Industry groups angered by NY fracking delay, With deadline next week, groups object to length of process, health review experts

Industry groups angered by NY fracking delay, With deadline next week, groups object to length of process, health review experts by Jon Campbell, November 19, 2012, pressconnects
The natural gas industry expressed frustration Monday with the state’s ongoing review of hydraulic fracturing, with one trade group saying its trust in state government has been “exhausted.” The Independent Oil & Gas Association of New York sent a letter to Gov. Andrew Cuomo, urging him to have his Department of Environmental Conservation release its long-awaited final report on large-scale hydraulic fracturing and to move forward with issuing permits. The letter came in advance of a Nov. 29 regulatory deadline, which if missed would require the DEC to re-open its proposed regulations to public comment.

Last week, the state Department of Health confirmed the names of three outside experts who will assist in reviewing the DEC’s efforts to limit or prevent potential health impacts…. One of the experts — Lynn Goldman, dean of George Washington University’s school of public health — said last week she was informed the independent review should be wrapped up by “mid-February at the latest.” The DEC’s report — known as the Supplemental Generic Environmental Impact Statement — was launched in July 2008 and must be finalized before permits for high-volume hydrofracking are issued. That report won’t be finished until the health-specific review is completed, according to the DEC.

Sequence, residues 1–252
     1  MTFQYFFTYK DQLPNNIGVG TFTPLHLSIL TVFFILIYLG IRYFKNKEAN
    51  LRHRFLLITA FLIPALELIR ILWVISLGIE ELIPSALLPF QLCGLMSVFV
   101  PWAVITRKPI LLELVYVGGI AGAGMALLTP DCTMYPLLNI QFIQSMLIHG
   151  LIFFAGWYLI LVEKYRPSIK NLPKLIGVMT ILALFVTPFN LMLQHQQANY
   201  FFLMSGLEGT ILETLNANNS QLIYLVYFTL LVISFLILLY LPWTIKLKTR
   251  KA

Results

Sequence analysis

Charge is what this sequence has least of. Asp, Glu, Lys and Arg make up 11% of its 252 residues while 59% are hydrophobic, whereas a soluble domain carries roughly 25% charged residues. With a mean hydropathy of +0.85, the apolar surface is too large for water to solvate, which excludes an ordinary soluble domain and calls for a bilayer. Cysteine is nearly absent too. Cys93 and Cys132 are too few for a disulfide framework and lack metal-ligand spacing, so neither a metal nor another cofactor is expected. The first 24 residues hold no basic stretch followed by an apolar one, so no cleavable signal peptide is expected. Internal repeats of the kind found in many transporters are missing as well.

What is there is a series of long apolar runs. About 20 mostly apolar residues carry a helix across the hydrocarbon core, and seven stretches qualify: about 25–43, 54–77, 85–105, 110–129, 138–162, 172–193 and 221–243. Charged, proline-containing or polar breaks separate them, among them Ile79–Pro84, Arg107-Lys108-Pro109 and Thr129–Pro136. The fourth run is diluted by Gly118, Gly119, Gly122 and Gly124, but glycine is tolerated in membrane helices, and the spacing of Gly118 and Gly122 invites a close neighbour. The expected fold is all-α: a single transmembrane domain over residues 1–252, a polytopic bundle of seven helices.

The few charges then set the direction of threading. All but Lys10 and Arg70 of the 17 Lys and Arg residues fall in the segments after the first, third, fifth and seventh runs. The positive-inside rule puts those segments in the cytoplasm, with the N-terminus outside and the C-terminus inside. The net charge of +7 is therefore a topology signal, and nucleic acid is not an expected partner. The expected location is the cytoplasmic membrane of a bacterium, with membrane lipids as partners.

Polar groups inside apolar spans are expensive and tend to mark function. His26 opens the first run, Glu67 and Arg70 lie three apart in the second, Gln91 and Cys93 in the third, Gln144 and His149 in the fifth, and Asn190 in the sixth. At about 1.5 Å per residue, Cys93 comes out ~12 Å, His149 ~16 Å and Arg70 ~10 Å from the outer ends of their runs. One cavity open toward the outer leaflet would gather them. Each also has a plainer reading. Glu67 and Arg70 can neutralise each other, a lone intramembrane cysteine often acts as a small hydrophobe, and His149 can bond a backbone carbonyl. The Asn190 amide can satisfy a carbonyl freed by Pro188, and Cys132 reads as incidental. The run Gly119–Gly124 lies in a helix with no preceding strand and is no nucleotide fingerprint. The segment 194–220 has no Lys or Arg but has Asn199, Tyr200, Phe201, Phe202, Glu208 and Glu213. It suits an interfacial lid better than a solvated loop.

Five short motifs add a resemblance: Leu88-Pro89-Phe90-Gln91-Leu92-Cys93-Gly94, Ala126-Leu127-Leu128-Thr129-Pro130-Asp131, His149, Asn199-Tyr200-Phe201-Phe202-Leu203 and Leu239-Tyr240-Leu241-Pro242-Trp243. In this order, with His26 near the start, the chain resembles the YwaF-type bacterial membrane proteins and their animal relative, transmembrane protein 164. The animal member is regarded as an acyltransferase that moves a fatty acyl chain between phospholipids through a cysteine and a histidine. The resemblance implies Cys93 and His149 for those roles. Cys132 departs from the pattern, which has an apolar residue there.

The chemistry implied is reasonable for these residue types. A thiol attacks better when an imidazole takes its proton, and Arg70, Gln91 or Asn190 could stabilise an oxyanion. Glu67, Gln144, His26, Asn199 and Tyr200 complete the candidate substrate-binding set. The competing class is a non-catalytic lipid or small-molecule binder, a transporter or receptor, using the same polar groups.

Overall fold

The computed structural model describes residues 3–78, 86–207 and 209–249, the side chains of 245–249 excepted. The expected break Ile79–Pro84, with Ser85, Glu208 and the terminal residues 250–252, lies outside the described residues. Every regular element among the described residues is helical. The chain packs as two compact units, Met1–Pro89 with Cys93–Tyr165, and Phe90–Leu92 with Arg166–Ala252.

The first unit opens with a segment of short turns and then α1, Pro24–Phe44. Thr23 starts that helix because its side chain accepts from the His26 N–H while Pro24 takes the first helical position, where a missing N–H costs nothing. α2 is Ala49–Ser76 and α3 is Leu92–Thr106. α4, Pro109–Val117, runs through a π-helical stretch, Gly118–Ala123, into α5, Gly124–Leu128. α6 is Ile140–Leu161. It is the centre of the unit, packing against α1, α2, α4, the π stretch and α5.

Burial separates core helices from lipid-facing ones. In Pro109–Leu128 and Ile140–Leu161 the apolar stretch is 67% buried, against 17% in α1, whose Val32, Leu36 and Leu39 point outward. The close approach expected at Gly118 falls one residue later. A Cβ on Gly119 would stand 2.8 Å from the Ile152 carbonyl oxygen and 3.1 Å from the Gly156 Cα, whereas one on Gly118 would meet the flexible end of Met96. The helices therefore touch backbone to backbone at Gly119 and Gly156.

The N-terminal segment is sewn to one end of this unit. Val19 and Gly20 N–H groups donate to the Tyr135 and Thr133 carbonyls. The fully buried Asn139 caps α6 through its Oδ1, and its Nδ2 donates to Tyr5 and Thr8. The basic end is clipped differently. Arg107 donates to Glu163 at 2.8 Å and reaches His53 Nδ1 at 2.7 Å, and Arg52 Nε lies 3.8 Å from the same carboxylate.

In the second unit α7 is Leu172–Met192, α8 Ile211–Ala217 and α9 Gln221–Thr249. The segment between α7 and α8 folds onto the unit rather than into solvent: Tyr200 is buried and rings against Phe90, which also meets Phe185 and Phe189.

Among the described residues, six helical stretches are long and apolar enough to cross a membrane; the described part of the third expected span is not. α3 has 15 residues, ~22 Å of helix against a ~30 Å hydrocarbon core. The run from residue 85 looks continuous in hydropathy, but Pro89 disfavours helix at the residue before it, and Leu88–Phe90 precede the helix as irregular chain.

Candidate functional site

The members of the gas trade group were “hopeful” the state would meet the November deadline, but are now “well past the tipping point.” … Katherine Nadeau, water and natural resources program director for Environmental Advocates of New York, said Cuomo has to ensure the “many significant questions about fracking’s impacts are answered before permitting is considered.” “IOGA’s letter says it all — the gas companies believe the state should care more about their bottom line than the public health and well being of the millions of New Yorkers who will be affected if fracking is permitted,” Nadeau said.

Meanwhile, a second industry-funded group mailed the Department of Health on Monday, criticizing its choice of outside experts to assist in the review. Energy in Depth — an effort funded by gas-industry trade groups — took issue with previous fracking-related comments made by Goldman and Richard Jackson, of the University of California, Los Angeles, and disputed the findings of a report co-authored by John Adgate, of the Colorado School of Public Health. “To be clear, we believe the three experts selected can provide valuable input in this review,” Energy in Depth Executive Director Lee Fuller wrote. “But in order to meet the demands of New York residents — who deserve and strongly support a fair, open and independent process — we encourage the state of New York to consider additional experts to allow for a true diversity of perspectives.” [Emphasis added]

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